‘No Geography’: Why The Chemical Brothers Still Lead The Way

‘No Geography’: Why The Chemical Brothers Still Lead The Way

Four years on from the chart-busting, guest-filled Born In the Echoes, Virgin released The Chemical Brothers’ ninth free-flowing studio dust-up, No Geography. With a title that suggests the Chems could go anywhere they like, the album looked back to the more explicitly dancefloor-focused approach (and gear) of their 90s, Manchester-bred material, and revitalized the duo’s creative relationship in the process. It did so though through an entirely refreshed lens, polished by seasoned engineer Steve “Dub” Jones, from Sourmash.

Listen to The Chemical Brothers’ No Geography now.

Mind-bendingly powerful and alchemical No Geography’s disorientingly backward-slipping, warehouse-ready opener, “Eve Of Destruction,” and the fidgety, block-rockin’ “Bango” (with its Incredible Bongo Band-esque intro, rattling cowbell and Arthur Russell references) juxtapose rave chords with post-punk basslines. Both also feature vocals from Norway’s Aurora and seem to reformulate the Chems’ big beat sound for both the future and the past. The boys then smash into the irresistibly uplifting yet dubbed-out title track, a sort of mathematical proof of the resilience of rave, whose chunky bassline comes courtesy of Polar Bear’s Tom Herbert.

A massive highlight on the album, the gorgeous, oceanically boogying single “Got To Keep On” is all life-affirming bells and disco choir powered by UK jazz-funk players and underlined by a lush, beautifully concise Michel Gondry video. Up there with such other natural disco-house classics as Stardust’s “Music Sounds Better With You” and Daft Punk’s “One More Time,” it strengthened No Geography’s position as the duo’s freshest, most fun, exciting and complete collection of the decade – an atmosphere which continues on through the swinging, skittering, keening Detroit-tinged electro-tech of “Gravity Drops.”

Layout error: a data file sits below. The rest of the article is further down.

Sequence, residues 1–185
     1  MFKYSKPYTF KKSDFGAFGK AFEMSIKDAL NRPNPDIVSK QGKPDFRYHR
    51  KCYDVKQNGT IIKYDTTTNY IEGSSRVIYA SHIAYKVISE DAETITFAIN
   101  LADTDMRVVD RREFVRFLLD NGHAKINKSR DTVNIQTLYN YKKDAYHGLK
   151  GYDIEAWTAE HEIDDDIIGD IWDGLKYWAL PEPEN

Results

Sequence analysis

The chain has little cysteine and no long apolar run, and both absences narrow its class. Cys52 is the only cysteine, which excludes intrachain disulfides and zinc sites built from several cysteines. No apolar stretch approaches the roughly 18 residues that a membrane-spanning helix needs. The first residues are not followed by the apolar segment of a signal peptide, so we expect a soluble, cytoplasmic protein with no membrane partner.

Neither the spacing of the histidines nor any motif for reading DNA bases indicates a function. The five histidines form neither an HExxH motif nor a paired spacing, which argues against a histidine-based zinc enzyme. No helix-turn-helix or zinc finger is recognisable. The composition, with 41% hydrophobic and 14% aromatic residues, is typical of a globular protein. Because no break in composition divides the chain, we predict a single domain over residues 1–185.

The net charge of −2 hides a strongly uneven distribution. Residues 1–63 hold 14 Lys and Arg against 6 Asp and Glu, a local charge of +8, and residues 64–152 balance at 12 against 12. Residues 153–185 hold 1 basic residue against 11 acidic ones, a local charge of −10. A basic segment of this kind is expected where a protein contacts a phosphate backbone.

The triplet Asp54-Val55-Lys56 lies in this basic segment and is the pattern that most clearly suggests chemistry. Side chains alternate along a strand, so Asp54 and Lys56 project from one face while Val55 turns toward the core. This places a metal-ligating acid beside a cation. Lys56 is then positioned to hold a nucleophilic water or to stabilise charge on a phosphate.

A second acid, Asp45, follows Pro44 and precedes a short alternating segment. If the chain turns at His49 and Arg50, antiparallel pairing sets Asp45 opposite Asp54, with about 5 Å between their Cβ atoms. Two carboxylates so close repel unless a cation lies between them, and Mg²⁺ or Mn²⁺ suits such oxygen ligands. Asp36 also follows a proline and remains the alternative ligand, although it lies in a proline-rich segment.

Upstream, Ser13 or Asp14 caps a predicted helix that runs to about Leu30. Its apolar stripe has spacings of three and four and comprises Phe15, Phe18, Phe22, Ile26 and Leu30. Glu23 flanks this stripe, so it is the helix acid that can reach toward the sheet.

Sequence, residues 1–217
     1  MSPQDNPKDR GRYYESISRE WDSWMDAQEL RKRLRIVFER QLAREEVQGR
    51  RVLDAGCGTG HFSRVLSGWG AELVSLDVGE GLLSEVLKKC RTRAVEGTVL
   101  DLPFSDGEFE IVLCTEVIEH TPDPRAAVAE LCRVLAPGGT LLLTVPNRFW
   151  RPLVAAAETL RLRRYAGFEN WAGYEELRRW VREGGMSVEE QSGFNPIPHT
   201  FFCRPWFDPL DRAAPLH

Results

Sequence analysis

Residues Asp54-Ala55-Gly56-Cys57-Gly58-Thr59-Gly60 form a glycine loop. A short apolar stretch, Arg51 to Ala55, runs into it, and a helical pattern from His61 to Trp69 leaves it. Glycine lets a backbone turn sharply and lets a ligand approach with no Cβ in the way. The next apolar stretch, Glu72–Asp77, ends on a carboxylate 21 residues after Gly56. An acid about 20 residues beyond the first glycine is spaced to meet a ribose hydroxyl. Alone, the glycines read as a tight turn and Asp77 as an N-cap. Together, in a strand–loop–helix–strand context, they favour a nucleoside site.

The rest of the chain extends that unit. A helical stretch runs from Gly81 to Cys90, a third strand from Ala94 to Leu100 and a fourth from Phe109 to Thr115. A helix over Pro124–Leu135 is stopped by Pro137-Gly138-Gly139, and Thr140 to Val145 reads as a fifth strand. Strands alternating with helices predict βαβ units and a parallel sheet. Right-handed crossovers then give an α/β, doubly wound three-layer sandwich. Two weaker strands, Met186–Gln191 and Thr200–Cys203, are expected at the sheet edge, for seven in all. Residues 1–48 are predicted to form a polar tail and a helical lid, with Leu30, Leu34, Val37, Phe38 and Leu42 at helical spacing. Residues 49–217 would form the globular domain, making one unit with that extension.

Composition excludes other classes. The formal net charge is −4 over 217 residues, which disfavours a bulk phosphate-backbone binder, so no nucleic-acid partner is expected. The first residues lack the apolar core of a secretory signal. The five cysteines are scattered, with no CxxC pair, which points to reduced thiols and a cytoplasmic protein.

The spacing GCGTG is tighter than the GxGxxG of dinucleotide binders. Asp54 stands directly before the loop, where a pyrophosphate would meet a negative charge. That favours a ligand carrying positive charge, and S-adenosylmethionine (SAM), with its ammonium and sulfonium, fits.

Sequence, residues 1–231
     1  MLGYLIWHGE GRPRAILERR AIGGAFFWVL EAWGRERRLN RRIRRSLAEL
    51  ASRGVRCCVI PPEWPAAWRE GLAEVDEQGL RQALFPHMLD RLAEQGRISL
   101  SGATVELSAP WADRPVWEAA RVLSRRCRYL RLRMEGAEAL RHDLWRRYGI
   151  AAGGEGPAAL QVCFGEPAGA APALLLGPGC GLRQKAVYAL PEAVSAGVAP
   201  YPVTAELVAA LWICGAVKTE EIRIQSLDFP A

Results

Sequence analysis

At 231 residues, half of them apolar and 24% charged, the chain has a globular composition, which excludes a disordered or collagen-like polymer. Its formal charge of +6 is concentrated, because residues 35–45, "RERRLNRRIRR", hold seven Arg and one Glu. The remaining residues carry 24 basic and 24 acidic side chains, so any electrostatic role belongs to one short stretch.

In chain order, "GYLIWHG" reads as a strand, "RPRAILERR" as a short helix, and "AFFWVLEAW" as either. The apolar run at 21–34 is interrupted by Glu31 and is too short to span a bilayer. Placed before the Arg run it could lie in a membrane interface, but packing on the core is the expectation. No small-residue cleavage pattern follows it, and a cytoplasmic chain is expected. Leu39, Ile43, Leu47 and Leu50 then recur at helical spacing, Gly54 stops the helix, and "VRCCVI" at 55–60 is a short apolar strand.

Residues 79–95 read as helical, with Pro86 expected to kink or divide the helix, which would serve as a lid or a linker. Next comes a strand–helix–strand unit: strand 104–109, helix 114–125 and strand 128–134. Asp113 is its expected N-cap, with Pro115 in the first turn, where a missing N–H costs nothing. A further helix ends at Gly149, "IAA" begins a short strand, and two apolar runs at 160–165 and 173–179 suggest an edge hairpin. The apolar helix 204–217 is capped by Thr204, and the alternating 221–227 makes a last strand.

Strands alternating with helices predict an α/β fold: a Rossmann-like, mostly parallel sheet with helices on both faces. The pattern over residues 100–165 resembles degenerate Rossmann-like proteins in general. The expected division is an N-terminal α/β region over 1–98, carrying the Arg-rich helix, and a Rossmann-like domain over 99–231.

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With the guests trimmed back, even the Aurora-focused album centerpiece, “The Universe Sent Me,” one of the album’s (initially) slightly lighter tunes, is aimed squarely at the dancefloor. The chilled moments the Chems’ vocal tracks have often provided are reined right back for this journey.

And then the acid bursts through with a trio of top-hole singles. The low-slung “We’ve Got To Try” features one of the duo’s meanest, nastiest-sounding knob-twiddling riffs since the mid-90s, leavened by crackly funk and soul elements and an endearingly daft Laika-beats-the-odds motor-racing dog-in-space video from Ninian Doff. The bubbling, twisted, libertine, current yet simultaneously bleep-reminiscent “Free Yourself” follows, with its video featuring goofy yet slightly unsettling robot dancers. The triptych is completed by the flailing, pumping, Network-influenced 303 builder “MAH” (aka “Mad As Hell”).

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Only on the album’s gospel-tinged closer, “Catch Me I’m Falling,” do things finally slow down into one of those more Balearic grooves which the brothers have featured so much over the years.

As suggested by material such as “Eve Of Destruction,” “Free Yourself,” and “MAH,” and by the Godley & Crème-indebted sleeve art, The Chemical Brothers faced the apocalypse head-on with this album, with peace, love, unity and respect as their electronic battle weapons.

No Geography can be bought here.

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